Such is the general heap out of which every man is to cull his own condition: for, as the chemists tell us, that all bodies are resolvable into the same elements, and that the boundless variety of things arises from the different proportions of very few ingredients ; so a few pains and a few pleasures are all the materials of human life, and of these the proportions are partly allotted by Providence, and partly left to the arrange: ment of reason and of choice.
As these are well or ill disposed, man is for the most part happy or miserable. For very few are involved in great events, or have their thread of life entwisted with the chain of causes on which armies or nations are suspended; and even those who seem wholly busied in publick affairs, and elevated above low cares, or trivial pleasures, pass the chief part of their time in familiar and domestick scenes; from these they came into publick life, to these they are every hour recalled by passions not to be suppressed; in these they have the reward of their toils, and to these at last they retire.
The great end of prudence is to give cheerfulness to those hours which splendour cannot gild, and acclamation cannot exhilarate; those soft intervals of unbended amusement, in which a man shrinks to his natural dimensions, and throws aside the ornaments or disguises, which he feels in privacy to be useless incumbrances, and to lose all effect when they become familiar. To be happy at home is the ultimate result of all ambition, the end to which every enterprise and labour tends, and of which every desire prompts the prosecution.
It is, indeed, at home that every man must be known by those who would make a just estimate either of his virtue or felicity; for smiles and embroidery are alike occasional, and the mind is often dressed for show in painted honour and fictitious benevolence.
Every man must have found some whose lives, in every house but their own, were a continual series of hypocrisy, and wlio concealed under fair appearances bad qualities, which, whenever they thouglit
themselves out of the reach of censure, broke out from their restraint, like winds imprisoned in their caverns, and whom every one had reason to love, but they whose love a wise man is chiefly solicitous to procure. And there are others who, without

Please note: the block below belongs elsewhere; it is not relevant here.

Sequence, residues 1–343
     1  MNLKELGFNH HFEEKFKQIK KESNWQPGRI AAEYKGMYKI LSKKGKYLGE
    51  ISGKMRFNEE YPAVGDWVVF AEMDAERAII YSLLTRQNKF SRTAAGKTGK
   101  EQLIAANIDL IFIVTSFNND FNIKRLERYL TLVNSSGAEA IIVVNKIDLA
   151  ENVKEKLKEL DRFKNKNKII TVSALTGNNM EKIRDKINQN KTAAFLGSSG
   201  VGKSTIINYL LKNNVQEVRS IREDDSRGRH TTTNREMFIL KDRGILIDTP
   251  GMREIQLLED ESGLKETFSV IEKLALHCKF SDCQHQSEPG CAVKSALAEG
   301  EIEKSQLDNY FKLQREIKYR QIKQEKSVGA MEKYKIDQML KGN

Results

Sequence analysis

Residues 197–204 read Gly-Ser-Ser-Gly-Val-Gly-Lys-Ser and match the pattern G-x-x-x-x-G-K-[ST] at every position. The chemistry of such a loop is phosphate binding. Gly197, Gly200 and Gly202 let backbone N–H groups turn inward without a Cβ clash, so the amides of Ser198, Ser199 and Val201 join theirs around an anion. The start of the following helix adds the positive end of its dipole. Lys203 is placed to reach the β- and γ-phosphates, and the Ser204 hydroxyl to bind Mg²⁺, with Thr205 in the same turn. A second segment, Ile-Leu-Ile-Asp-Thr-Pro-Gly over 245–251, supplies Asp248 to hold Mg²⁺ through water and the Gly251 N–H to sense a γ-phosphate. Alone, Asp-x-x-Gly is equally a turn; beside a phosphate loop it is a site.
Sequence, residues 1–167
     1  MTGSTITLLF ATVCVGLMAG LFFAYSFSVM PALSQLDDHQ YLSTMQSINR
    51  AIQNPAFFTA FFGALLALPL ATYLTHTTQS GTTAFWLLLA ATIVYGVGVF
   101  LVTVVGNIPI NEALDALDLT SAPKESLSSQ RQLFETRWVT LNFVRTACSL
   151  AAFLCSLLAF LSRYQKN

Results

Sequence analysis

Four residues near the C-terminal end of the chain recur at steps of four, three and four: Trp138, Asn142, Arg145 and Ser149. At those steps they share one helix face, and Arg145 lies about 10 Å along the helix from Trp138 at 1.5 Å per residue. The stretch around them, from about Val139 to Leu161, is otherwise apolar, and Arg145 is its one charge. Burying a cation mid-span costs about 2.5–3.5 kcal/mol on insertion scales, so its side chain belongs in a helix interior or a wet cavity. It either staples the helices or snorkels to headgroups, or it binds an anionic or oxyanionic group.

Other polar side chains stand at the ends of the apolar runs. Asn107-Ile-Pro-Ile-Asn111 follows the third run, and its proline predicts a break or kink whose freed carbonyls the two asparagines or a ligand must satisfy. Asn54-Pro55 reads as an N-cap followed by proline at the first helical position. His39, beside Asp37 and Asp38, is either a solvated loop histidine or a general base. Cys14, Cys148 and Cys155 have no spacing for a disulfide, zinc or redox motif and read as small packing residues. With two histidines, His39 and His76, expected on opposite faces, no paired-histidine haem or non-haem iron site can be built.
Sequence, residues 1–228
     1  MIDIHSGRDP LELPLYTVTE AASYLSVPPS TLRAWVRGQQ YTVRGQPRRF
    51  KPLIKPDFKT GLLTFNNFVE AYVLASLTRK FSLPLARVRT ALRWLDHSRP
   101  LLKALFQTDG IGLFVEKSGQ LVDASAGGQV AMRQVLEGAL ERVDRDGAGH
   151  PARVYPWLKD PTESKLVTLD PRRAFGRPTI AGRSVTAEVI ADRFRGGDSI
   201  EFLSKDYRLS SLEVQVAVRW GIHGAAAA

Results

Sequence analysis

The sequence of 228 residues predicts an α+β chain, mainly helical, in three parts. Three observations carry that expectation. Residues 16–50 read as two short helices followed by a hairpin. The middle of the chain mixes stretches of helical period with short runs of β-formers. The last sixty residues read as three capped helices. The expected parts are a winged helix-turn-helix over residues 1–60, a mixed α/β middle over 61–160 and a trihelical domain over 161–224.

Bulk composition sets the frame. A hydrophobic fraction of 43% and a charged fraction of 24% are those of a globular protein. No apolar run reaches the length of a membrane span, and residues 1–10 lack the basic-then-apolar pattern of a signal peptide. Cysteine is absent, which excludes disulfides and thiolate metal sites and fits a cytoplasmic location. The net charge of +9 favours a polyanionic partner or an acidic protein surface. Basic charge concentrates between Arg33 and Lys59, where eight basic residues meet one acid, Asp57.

any show of general goodness, and without the attractions by which popularity is conciliated, are received among their own families as bestowers of happiness, and reverenced as instructors, guardians, and benefactors.
The most authentick witnesses of any man's character are those who know him in his own family, and see him without any restraint or rule of conduct, but such as he voluntarily prescribes to himself. If a man carries virtue with hiin into his private apartments, and takes no advantage of unlimited power or probable secrecy; if we trace him through the round of his time, and find that his character, with those allowances which mortal frailty must always want, is uniform and regular, we have all the evidence of his sincerity, that one man can have with regard to another : and, indeed, as hypocrisy cannot be its own reward, we may, without hesitation, determine that his heart is pure.
The highest panegyrick, therefore, that private virtue can receive, is the praise of servants. For, however vanity or insolence may look down with contempt on the suffrage of men undignified by wealth, and unenlightened by education, it very seldom happens that they commend or blame without justice. Vice and virtue are easily distinguished. Oppression, according to Harrington's aphorism, will be felt by those that cannot see it; and, per